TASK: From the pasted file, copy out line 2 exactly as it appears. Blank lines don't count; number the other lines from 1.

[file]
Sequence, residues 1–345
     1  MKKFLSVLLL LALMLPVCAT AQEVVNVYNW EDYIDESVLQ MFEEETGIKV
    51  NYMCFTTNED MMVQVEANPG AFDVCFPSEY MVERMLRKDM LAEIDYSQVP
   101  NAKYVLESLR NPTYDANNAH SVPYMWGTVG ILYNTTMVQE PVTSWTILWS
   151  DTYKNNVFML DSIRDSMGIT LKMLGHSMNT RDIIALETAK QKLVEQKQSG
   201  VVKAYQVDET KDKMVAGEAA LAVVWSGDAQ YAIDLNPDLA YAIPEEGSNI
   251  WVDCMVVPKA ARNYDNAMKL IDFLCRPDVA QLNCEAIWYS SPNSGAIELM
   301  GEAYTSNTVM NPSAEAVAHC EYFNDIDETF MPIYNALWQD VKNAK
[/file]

     1  MKKFLSVLLL LALMLPVCAT AQEVVNVYNW EDYIDESVLQ MFEEETGIKV